There have been at least three DVD versions of Bram Stoker's Dracula released over the years, not counting international editions or its bundling with the Kenneth Branagh film Mary Shelley's Frankenstein. All of these have been considered woefully inadequate for various issues, either due to some complaints about the picture or the noticeable lack of extra features. Given that this was a film made by Francis Ford Coppola, one of America's greatest and at times most disappointing directors, and that it was the only decent film he's made in the last fifteen years, the handling of Dracula in this format seemed like a horrible miscarriage of cinematic justice. Memories of a Criterion laser disc, complete with commentary and supplements, haunted DVD forums, followed closely by the specter of persistent rumors that a more flashy special edition was on its way.
Those rumors were so persistent, every time I would break down and think I should finally give in and buy one of the discs that was out there, a quick search for which one to buy would yield yet again that this holy grail of upgrades was just around the corner. The chatter would scare me off once more, patience winning out, supported by a healthy fear of the dreaded DVD double-dip. Cut ahead to now, and my patience has been rewarded.
Mulling over this as I loaded the new two-disc Bram Stoker's Dracula - Collector's Edition into my player, I realized that as a result of this waffling, I hadn't actually seen the movie in at least ten years. My only vivid memory of seeing the whole thing was its original theatrical release in 1992, though I am sure I caught pieces of it on cable in the interval. In that time, my memory of the film was that it was visually stunning but a little muddled as far as story; upon reaching the closing credits this time around, I was pleasantly surprised to have found that it was only my memory that was muddled, and that Coppola's bodice-ripping horror tale was successful on just about every level.
The tale of Dracula is the stuff of literary, cinematic, and pop culture legend. Even if finer details have changed, the basic plot has stayed pretty much the same since Bram Stoker wrote his novel in 1897, though the purported intention of James V. Hart's script for this particular film version was to go back to Stoker's text as much as possible, while mixing in a little pseudo-history in the process.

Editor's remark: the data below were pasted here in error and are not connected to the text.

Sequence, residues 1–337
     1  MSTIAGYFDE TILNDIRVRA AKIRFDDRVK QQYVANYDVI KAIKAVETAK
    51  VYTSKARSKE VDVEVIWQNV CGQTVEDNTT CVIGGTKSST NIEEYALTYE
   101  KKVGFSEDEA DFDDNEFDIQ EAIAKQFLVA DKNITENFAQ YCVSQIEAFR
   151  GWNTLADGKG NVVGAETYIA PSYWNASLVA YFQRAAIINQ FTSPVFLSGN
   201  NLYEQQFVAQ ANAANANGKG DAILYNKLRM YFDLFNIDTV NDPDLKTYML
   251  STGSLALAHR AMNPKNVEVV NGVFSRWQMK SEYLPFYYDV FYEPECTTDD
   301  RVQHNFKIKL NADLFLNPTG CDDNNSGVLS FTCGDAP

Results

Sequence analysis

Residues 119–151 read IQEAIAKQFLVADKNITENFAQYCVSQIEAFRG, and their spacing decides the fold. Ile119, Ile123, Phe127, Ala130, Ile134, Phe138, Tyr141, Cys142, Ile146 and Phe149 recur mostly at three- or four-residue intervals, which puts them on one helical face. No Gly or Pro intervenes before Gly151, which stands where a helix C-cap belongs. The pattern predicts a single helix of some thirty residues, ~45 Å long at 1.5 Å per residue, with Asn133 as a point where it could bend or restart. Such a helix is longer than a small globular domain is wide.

Count Dracula, once known as Vlad the Impaler and played with a wanton bloodlust by an appropriately hammy Gary Oldman, renounced God and the boundaries of human life upon the death of his beloved bride (Winona Ryder). Feasting on blood, he has found a semblance of eternal life as an undead, mystical creature, terrorizing his former species and creating equally bloodthirsty disciples. Destiny intervenes when the Count is visited in Transylvania by a British realtor, Jonathan Harker (Keanu Reeves), whose fiancée Mina has the good fortune of being played by the same actor as the Count's dead love, and so is a dead ringer for that dead love.
Packing up boxes of Transylvanian dirt to preserve his crusty existence, Dracula travels to England, finds Mina, and attracts the attention of several well-meaning horndogs when he seduces their favorite object of desire, Lucy (a wonderful Sadie Frost). This attracts the attention of semi-deranged scientist and vampire hunter Professor Van Helsing (Anthony Hopkins), setting up the scenario for the classic hunt, pursuit, and killing of the monster.
The greatest thing to recommend Coppola's adaptation of Dracula is what a stunning visual tour de force it is. You can actually see some early foundation work for the kind of gonzo super-cutting that Oliver Stone would utilize a couple of years later in Natural Born Killers, but the truly impressive thing about Coppola's film is that all of the effects were done "in camera." A film historian, the director dug into the bag of tricks left behind by the past masters, creating a surreal, psychedelic string of special effects that recall the impressive moves made by the architects of the old Universal horror films but also silent cinema pioneers. Coppola, along with expert cinematographer Michael Ballhaus and second-unit director Roman Coppola, achieves an effectively antique look in the movie without ever really calling attention to it. The careful construction of the heady narrative allows for a seamless package where we are stunned by the effects enough to wonder how they did it, but sucked into the story enough that we can barely pause for the question.
What this does is immerse the viewer in a complete state of "otherness." Dracula isn't just luring Mina and Lucy over to the dark side, but Coppola whips up an atmosphere of murderous passion and tempestuous desire for his audience, transporting us out of our comfortable chairs and into a dizzying world of sensory overload.